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Noble v. Iowa District Court for Muscatine County

Court of Appeals of Iowa

March 21, 2018

BRETT NOBLE, Plaintiff-Appellant,
v.
IOWA DISTRICT COURT FOR MUSCATINE COUNTY, Defendant-Appellee.

          Appeal from the Iowa District Court for Muscatine County, Mark J. Smith (plea) and Mark D. Cleve (sentencing/motion), Judges.

         Defendant challenges his convictions and sentences for attempted murder and voluntary manslaughter.

          Jack E. Dusthimer, Davenport, for appellant.

          Thomas J. Miller, Attorney General, and Louis S. Sloven, Assistant Attorney General, for appellee.

          Considered by Doyle, P.J., and Tabor and McDonald, JJ.

          MCDONALD, JUDGE.

         Defendant Brett Noble filed this direct appeal from the denial of his second motion to correct an illegal sentence. There is no appeal as a matter of right from the denial of a motion to correct illegal sentence. See State v. Propps, 897 N.W.2d 91, 96 (Iowa 2017). The supreme court ordered Noble's notice of appeal be treated as a petition for writ of certiorari and, at its discretion, granted the petition. The supreme court transferred the case to this court for disposition on the merits. The question presented is whether it was legal for this defendant to be convicted of both attempted murder and voluntary manslaughter.

         I.

         In 2010, Noble was charged by trial information with murder in the first degree and theft in the first degree. The defendant entered into a plea agreement in which he pleaded guilty to four counts in an amended trial information: attempt to commit murder, theft in the first degree, voluntary manslaughter, and assault while participating in a felony. As part of the plea agreement, as set forth in a signed plea memorandum, the defendant stipulated "that the offense conduct supporting each count is separate." The defendant also "specifically waive[d] any claim he might have that the convictions or sentences under these counts would merge or that he could claim estoppel or any other claim premised on an alleged inconsistency between the elements of the counts." During the guilty plea colloquy, the defendant and defendant's counsel affirmed the "[d]efendant specifically waive[d] any claim he might have that the convictions or sentences under count-these counts would merge under the rules of sentencing or that he could claim estoppel or any other claim premised on alleged inconsistencies between the elements of the counts." The district court accepted the defendant's plea to the amended trial information and imposed agreed-upon consecutive sentences for a total term of incarceration not to exceed fifty years.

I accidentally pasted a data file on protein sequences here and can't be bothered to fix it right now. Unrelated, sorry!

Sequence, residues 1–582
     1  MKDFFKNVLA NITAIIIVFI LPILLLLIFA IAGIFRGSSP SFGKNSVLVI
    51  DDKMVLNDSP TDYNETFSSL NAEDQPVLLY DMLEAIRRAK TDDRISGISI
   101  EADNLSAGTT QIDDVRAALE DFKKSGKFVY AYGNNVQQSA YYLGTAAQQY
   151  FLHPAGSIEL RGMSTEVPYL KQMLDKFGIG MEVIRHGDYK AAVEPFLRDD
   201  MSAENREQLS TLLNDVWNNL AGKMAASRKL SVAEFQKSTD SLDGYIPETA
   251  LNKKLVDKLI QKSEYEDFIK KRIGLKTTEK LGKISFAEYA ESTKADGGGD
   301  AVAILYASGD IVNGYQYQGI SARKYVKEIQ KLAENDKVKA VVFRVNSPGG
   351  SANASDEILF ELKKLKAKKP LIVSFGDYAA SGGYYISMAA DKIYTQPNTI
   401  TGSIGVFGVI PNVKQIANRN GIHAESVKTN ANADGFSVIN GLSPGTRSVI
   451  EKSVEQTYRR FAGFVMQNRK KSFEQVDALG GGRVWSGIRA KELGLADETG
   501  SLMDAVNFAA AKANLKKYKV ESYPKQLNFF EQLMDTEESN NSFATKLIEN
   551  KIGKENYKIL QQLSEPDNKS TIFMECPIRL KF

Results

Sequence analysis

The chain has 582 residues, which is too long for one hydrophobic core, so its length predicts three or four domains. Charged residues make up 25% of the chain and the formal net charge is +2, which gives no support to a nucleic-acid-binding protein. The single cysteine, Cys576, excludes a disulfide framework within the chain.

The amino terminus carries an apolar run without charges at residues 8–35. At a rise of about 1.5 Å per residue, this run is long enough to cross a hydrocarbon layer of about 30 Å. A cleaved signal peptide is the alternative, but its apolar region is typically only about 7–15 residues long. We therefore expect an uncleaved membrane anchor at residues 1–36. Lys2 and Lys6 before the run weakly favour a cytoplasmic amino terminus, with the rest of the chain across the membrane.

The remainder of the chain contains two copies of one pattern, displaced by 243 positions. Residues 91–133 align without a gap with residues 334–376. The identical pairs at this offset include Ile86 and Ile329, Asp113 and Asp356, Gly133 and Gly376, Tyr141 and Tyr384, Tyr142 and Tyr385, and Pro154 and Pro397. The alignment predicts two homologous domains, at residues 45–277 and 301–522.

In 2011, Noble filed a motion to correct illegal sentence. In his motion, he contended his sentence for attempted murder should be vacated on the ground the convictions for attempted murder and voluntary manslaughter arose out of the same act against the same person. Noble contended his convictions violated the constitutional protection against double jeopardy. The district court denied Noble's motion. The supreme court dismissed Noble's appeal as frivolous.

         The motion at issue in this appeal is Noble's second motion to correct illegal sentence filed in February 2017. In his second motion, Noble contended his conviction for attempted murder was void and his sentence illegal because a "person cannot be convicted of both killing someone and attempt[ing] to" kill someone. In support of his motion, Noble relied on State v. Ceretti, 871 N.W.2d 88 (Iowa 2015), which was decided after Noble was convicted and sentenced and after the denial of Noble's first motion to correct illegal sentence.

         In Ceretti, the defendant pleaded guilty to, among other things, attempted murder and voluntary manslaughter. See Ceretti, 871 N.W.2d at 89. Ceretti challenged his convictions and sentences on direct appeal, contending he could not be convicted of both offenses where the offense conduct supporting each conviction was the same. The supreme court agreed and held a "defendant may not be convicted of both an attempted homicide and a completed homicide when the convictions are based on the same acts directed against the same victim." Id. at 96. In reaching this conclusion, the court recognized the one-homicide rule would not preclude both convictions because "attempted murder is not a homicide offense." Id. at 96. The court reasoned, however, "the principle underlying the one-homicide rule-that multiple punishments for homicide are not allowed when the defendant kills one person-applies equally when one of the offenses is attempted murder." Id. The court further reasoned that Iowa Rule of Criminal Procedure 2.22(3) thus precluded the convictions. The supreme court held the appropriate remedy was to vacate all "convictions and the entire plea bargain and remand the case to the district court." Id. at 97.

         In this case, the district court was not persuaded by Noble's second motion. The district court denied Noble's motion on the grounds the issue had been previously litigated and Noble's claim was a challenge to the ...


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